“Attacking our consulate is like attacking our soil,” Khamenei said April 10.

It also comes amid a moment filled with uncertainty for Iran. As Khamenei grows older, power has become ever-more consolidated in the country.

Hard-liners control every lever of power within both security services and political bodies, with none of the relative moderates who once shepherded Iran’s nuclear deal with world powers into existence.

That includes former President Hassan Rouhani, who led the effort. Authorities barred Rouhani earlier this year from running again to hold his seat on the Assembly of Experts, the 88-cleric body that will pick Iran’s next supreme leader.

The hard-liners’ grip on power has seen voter turnout drop to its lowest level since the 1979 Islamic Revolution. Their stranglehold also leaves them as the only political faction to blame as the public remains incensed by Iran’s collapsing economy.

The nuclear deal’s demise, after former President Donald Trump unilaterally withdrew America from the accord in 2018, has seen the Iran’s rial currency tumble. The rial now seesaws near record lows, trading Monday at 658,000 to the dollar — down from 32,000 at the time the agreement was reached nearly a decade ago.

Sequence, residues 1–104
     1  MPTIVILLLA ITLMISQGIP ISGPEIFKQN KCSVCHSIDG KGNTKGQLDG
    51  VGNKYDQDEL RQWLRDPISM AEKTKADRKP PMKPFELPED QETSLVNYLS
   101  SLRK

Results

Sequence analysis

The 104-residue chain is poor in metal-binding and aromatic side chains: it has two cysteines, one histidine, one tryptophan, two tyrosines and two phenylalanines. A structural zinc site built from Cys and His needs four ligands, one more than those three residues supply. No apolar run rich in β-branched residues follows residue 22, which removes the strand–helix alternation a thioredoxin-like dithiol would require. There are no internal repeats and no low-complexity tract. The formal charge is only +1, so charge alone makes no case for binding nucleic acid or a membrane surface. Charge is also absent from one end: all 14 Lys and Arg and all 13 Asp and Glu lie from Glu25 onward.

Already, prosecutors in Tehran have begun a criminal investigation into the Jahan-e Sanaat newspaper and a journalist over a story on the possible economic impact of Iran’s attack on Israel. The judiciary’s Mizan news agency described the report as “disturbing the psychological security of society and making the country’s economic atmosphere turbulent.”

His case comes as other journalists and activists report being summoned by authorities, portending a new crackdown on any sign of dissent in the country.

There are also signs that authorities appear to be preparing for a new push at enforcing the country’s mandatory headscarf, or hijab, laws for women.

“The Tehran police — as in all other provinces — will start to confront all lawbreaking with regard to the hijab,” said Tehran police chief Brig. Gen. Abbas Ali Mohammadian, according to the semiofficial ISNA news agency.

Some women in Tehran still walk through the streets uncovered, a continued protest since the nationwide 2022 demonstrations over the death of Mahsa Amini, earlier arrested by police for not wearing a hijab to their liking. United Nations investigators say Iran was responsible for Amini’s death and violently put down largely peaceful protests in monthslong security crackdown that killed more than 500 people and saw over 22,000 detained.

A new push for hijab enforcement may reignite that anger, particularly in Tehran. Meanwhile, rumors persist that the government may soon raise the country’s heavily subsidized gasoline prices. A price increase in 2019 grew into nationwide antigovernment protests that reportedly saw over 300 people killed and thousands arrested.

Those tensions, coupled with hard-liners’ grip on power and Khamenei’s age, signal more changes loom for the country. And while Iran said of its attack Saturday that “the matter can be deemed concluded” even before missiles reached Israel, that doesn’t mean there won’t be further retaliation from the country.